My wife can be a very imposing figure sometimes. No-nonsense. All business. But not like the wives they portray on television. You know the routine: idiot fat guy marries smart, together, too-pretty-for-him woman. No wonder there aren't any good sitcoms out there anymore. No, she's cut more from the Darth Vader cloth. She has powers beyond belief.
Some of my friends and I actually used to have a running joke about her. Whenever we were partaking in drunken shenanigans, and she slowly and curiously entered the room, we would hum that foreboding theme from "Star Wars." The same one that played in any scene featuring Darth Vader: duhhh-duhhh-duhhh-duhduhduh-duhduhduh.
The serenading was usually to soften the blow of our doing something mischievous, like spiking the punch, or eating the popcorn garland directly off of the Christmas tree, or decorating the host's dog with tinsel. Coincidentally, those things all occurred at the same party. But instead of disapproving, she would normally join the fun.
But now, I have a real reason to be afraid of her. Not only did this woman push a child out of her body in two just contractions. Not only does she breast feed this baby like it's her job. Come to think of it, it is her job. And if she's not breastfeeding, she's hooked up to that machine that pumps the milk out (it can also serve as a cell phone battery charger). She also underwent a root canal in the middle of all of this, two weeks after giving birth, and didn't even flinch. The woman is unstoppable.
Love her. Respect her. Fear her.
She's had it worse than me from the start. Yet she takes her medicine with a smile. Except for that first trimester. There weren't many smiles during those three months. No, she was bitten by that ugly little bug called 'morning sickness.' Why do they call it morning sickness, when the woman doesn't feel well all day?
There was this one particular time that I still give my wife grief about, because that's just the kind of guy I am. She was thoughtful enough to plan a weekend to see the Yankees at Camden Yards in Baltimore for my birthday last August. But it is very difficult to be on a trip with someone who absolutely has to eat something every two hours. It was actually like being with Penelope, except for the diaper changes.
We had exited the stadium following a Yankees victory (yes, it wasn't too long ago that they actually used to win games), and she told me she felt hunger coming on. Now, mind you, there is food everywhere. We were, after all, at a baseball game. You know, "buy me some peanuts and Cracker Jacks?" But those things "didn't sound good" to her. I heard that a lot those first three months. Nothing sounded good. Except for Raisin Nut Bran. Well, I wasn't equipped to pour her a bowl of cereal in the middle of the Inner Harbor.
So we walked back to the area where there are a bunch of shops and restaurants. Sitting down for a meal wasn't an option. She was hungry NOW, and ordering would take too long. So we went into this little mall, which had a food court. A food court, I'll have you know, that featured every cuisine from around the world and under the sun. Chinese. Italian. Mexican. Indian. Ethiopian. Latin. Sanskrit. Ice cream. Cookies. Candies. Cakes. You name it, they offered it, but none of it "sounded good."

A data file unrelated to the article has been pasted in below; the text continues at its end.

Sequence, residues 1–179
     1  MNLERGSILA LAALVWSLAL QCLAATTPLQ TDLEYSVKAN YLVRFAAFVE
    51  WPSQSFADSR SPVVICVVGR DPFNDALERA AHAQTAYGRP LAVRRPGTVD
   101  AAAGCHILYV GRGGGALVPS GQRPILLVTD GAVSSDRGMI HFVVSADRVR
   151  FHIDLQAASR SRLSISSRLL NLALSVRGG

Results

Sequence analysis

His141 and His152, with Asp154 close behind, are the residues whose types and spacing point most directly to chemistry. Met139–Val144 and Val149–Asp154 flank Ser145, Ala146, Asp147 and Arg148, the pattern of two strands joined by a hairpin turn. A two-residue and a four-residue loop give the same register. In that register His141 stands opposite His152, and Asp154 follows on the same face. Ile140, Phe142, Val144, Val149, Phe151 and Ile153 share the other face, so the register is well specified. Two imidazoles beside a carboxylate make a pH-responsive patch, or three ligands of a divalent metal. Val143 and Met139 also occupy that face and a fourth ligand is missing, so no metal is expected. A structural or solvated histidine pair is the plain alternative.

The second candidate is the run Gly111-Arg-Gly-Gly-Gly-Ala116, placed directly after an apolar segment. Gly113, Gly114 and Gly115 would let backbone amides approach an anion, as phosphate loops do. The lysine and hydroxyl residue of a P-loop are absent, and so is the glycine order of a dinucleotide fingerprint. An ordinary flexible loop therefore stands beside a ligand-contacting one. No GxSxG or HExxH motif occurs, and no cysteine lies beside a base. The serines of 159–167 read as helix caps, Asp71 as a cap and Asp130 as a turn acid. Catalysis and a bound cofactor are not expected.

Being that we were in Baltimore, there was even a crab claw stand. That is what she wanted. Unfortunately, so did everyone else visiting that day. The line resembled the wait for bread in the former Soviet Union. So I nixed that option.
I, by nature, am not a patient man. I admit this, I work on it. I think I have made significant progress in recent years, but there is still room for improvement. The first trimester was the ultimate test of my patience. And during this little episode, it ran out.
The only remaining option was a pretzel at that place Aunt Annie's. "I don't want a pretzel ." I looked at her with the disdain and loathing a child might give a serving of broccoli. "There's nothing else. You're having a pretzel." But she was relentless. "It doesn't sound good to me." There she goes again. "What else do you want me to do? Just have the freaking (edited for language) pretzel!" And without hesitation, and with all seriousness, she fired back, "Fine, I'll shove it down my throat!" I would have gladly helped her.
Don't get me wrong, when I'm not fantasizing about choking my wife with a cinnamon pretzel, I feel nothing but the utmost respect and infatuation for her.
Today she turns 30, and I want to say that what I remember of my life before her wasn't nearly as fun, and I had a lot of fun. It wasn't nearly as meaningful, and I used to take myself very seriously. And it wasn't nearly as joyful, and I had a lot of things to be happy about.
She is the love of my life, and the woman of my dreams. She indulges me, takes care of me, understands me, and loves me anyway. I look forward to sharing the next 30 years with her, then another 30 after that. Happy Birthday to my awesome wife, the most powerful woman I know.